Rehearsing for the revolution: using forum theatre to engage nursing educators, students and health care providers with the priorities of the Manitoba collaborative indigenous education blueprint
Van Bewer, Vanessa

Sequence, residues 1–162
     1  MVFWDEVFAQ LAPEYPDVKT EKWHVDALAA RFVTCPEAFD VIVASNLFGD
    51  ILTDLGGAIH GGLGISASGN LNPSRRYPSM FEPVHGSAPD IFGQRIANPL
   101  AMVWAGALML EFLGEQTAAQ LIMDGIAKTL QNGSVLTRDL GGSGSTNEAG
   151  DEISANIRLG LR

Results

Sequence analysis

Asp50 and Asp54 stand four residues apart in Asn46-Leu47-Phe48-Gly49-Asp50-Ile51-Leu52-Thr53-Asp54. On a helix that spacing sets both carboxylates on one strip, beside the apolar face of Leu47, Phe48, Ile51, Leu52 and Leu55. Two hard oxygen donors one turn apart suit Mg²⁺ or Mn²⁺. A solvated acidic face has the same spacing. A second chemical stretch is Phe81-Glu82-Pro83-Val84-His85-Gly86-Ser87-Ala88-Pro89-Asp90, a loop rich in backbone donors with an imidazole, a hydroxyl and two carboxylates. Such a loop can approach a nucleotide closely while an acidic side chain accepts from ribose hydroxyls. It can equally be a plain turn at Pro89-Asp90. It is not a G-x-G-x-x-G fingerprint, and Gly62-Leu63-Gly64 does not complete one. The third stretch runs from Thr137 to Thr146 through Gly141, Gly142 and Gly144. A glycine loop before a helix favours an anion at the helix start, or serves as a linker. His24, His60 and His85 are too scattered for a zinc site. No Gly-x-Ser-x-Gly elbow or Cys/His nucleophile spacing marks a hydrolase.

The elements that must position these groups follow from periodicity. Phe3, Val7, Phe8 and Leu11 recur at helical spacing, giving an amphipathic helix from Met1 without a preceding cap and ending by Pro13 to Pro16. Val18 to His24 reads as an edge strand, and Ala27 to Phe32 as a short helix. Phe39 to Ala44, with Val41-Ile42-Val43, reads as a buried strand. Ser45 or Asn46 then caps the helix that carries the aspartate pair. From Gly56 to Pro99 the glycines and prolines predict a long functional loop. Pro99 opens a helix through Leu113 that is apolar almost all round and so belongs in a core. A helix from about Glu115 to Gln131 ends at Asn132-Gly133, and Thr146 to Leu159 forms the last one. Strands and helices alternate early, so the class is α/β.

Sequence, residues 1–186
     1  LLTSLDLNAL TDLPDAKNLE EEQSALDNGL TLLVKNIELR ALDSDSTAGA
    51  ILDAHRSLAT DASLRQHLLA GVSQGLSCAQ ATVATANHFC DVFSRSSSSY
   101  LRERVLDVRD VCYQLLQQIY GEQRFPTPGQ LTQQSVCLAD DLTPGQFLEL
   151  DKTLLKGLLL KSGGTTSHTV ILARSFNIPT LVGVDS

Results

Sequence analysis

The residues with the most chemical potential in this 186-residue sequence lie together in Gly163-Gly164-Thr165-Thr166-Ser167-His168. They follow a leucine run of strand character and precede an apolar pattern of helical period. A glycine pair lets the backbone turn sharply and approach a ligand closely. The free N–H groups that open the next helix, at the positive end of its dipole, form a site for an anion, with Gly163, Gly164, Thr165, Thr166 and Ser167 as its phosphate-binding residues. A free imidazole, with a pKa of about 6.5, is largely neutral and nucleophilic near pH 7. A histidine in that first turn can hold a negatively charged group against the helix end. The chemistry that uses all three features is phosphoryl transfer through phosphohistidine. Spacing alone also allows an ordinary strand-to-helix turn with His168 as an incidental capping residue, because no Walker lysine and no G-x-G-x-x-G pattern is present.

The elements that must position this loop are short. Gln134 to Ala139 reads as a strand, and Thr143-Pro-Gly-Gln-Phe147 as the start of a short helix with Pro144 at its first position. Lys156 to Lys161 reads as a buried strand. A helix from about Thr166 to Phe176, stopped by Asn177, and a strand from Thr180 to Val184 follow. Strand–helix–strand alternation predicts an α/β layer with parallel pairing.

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This research is at the intersection of artistic, Indigenous and nursing knowledge. The objectives of this research were to explore several priorities of the Manitoba Collaborative Indigenous Education Blueprint with health care providers, nursing educators and nursing students through Theatre of the Oppressed and forum theatre; to offer possibilities for integrating the priorities within nursing education; and to determine the receptivity of health care providers, nurse educators and students to Theatre of the Oppressed and forum theatre as pedagogical methods. Using an arts-based methodology and a Two-Eyed Seeing lens, a Theatre of the Oppressed workshop infused with Indigenous approaches was developed. The workshop was facilitated by a workshop team (including a forum theatre facilitator and an Indigenous nurse-Elder) and included eight health care providers who dialogued, shared stories and generated knowledge and vignettes performed to an audience of students and educators (n=7). The discussions, dialogue and stories shared during the workshop supported the dramatic exploration of the priorities of the Manitoba Collaborative Indigenous Education Blueprint and the creation of the vignettes. The data (including theatre games, exercises, image theatre, forum theatre, sharing circles, photographs and vignettes) were analyzed using thematic analysis. The themes emerging from the exploration of research objective #1 were: 1) colonialism is ongoing; 2) the multiple faces of racism; 3) challenges in negotiating identity; 4) struggles in finding safe spaces and people. This inquiry also included the development of a framework for nursing education that engendered an anti-racist praxis and transformative learning opportunities. The framework also serves as one example of how Indigenous methods, models and approaches can be employed in nursing education, thus connecting to research objective #2 of this study. Other suggestions proposed for integrating the priorities of the Manitoba Collaborative Indigenous Education Blueprint within nursing education and addressing research objective #2 included scaffolding student learning opportunities, increasing Indigenous faculty representation, creating an Indigenous advisory board, and hiring an Elder. The perspectives and responses to Theatre of the Oppressed and forum theatre as pedagogies in nursing education were also revealed through this inquiry. The findings from health care providers indicated that Theatre of the Oppressed may support health care providers’ reflection and growth, strengthen relationships and encourage the expression of vulnerability. The findings of this study demonstrated that forum theatre is positively received by nursing students and has practical applications.